10. We walk past the Post Office and come to the Town Hall. The original Town Hall was built in 1619 and enlarged in 1770. At that time the current entrance and windows were constructed. The lantern and its support on the corner of the building form a nice touch. The part of the building around the corner, with the balcony and the identification 1625 was used as the Court of Justice; after 1875 this building was converted into a weighing station. During the last restoration phase over 10 buildings were combined into one. During opening hours of the town Hall you are invited to step inside and see for yourself that all original buildings can still be identified.

11. The Markt (Market) is dominated by the church and its tower. Left of the tower is the former weighhouse with the guardshouse above it. The building dates from 1621. In the old days a stately staircase outside the building led to the guardhouse.

The verse in the stone commemorates the disaster year of 1672 and around the corner on the left is a small verse which commemorates a peace treaty. One of the two remaining public water pumps can also be found here.

The tower is built up in two different styles. The lower part is made from brick and clad in tuff in typical Roman style, and dating from the early 13th century.

The upper part dates from the 14th century. The partly open spire dates from 1611. Above the 17th century door you see the Hattem town crest with the provincial Gelderland lion with a star. You can see the same crest on the weighhouse and the guardhouse.

At the right from the tower is the old school, the walls of which were covered in plaster around the turn of the century.

12. The house with the balcony behind our back had been the Inn "Het Vosje" (The Small Fox). In the past century famous painters of the 1880's stayed here. On the other corner of the Kerkstraat is the famous coffeehouse and restaurant "Mistelle". Outside there is little evidence that the building was erected around 1425 and therefore is on of the oldest buildings in the town. In later times the windows were enlarged and a layer of plaster was put over the original brick.

13. Next, we move on and turn right around number 3 Markt (Marketplace) and into the Koestraat (Cow Street). On the left you can see old-style new buildings on the spot where one of the wings of the front part of the castle used to be. At the bridge we turn right into the Derde Walsteeg (Third Wall Alley). Coming back into the Kerkstraat we see a restored (in 1972) building on the left hand corner. The wall-anchors in the Kerkstraat indicate the year 1633. Crossing the Kerkstraat on our way to the Tweede Walsteeg (Second Wall Alley) you see a newly constructed house in old style on the right hand side. The right wall of the alley has recently been partly restored.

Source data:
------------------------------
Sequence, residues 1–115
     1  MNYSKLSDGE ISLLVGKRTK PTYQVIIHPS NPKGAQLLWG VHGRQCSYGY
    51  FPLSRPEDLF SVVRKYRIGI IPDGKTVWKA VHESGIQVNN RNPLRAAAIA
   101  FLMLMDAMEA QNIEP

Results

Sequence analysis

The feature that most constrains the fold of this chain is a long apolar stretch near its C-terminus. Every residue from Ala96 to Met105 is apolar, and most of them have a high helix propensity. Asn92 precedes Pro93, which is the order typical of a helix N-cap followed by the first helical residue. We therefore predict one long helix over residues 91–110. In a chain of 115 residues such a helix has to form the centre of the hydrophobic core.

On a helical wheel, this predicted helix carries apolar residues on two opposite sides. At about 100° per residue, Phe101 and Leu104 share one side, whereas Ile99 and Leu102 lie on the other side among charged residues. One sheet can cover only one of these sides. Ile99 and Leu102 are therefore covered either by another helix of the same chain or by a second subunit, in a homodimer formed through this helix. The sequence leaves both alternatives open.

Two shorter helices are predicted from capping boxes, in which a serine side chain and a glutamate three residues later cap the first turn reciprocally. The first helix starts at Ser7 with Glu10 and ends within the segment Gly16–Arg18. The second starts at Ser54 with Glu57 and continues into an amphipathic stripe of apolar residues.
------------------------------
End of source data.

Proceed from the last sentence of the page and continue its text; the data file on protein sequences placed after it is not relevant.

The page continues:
14. Next, we turn left into the Achterstraat (Back Street) where several houses of former farms can be found. On the left side is a Jewish Synagog which was built in 1873. After the Second World War, the building was no longer used as such.

On the right you find the Regional Museum and Anton Pieck Museum. (Anton Pieck was a well-known illustrator who lived until the 1980's).

15. Just behind the cross-roads there used to be the Dorpspoort (Village Gate) leading to the Dorpsweg (Village Road). Hattem has always had a community outside the town walls on this side of the town and this part is still called het Dorp. (The village).

16. We now walk down the Molenbelt (Mill Belt) and past the working mill from 1852; opposite the mill you can enter a small courtyard to admire the restored rear facades of the Museum as well as the black-smith's workshop. We continue our walk down the Noordwal (North Wall) where you can see former farmhouses, one of which houses the Anton Pieck Museum mentioned earlier. To accommodate the Museum an extension has recently been completed. On the left you find the town moat which almost uninterruptedly surrounds the Old Town.

17. At the end of the road is the Dijkpoort (Dyke Gate), the only remaining Gate of Hattem. It is the inner gate of a complex of fortifications and dates from approx. 1400. In 1908 the Gate was partly reconstructed by the famous Dutch architect Cuypers, who used then-modern materials (to be honest about the work done), and added the then fashionable spires.

On the wall is a statue referring to the medieval lavatory nearby.

The connecting wall to the outer gate is still there, complete with lower shooting holes for the cannons and upper ones for special guns on the top.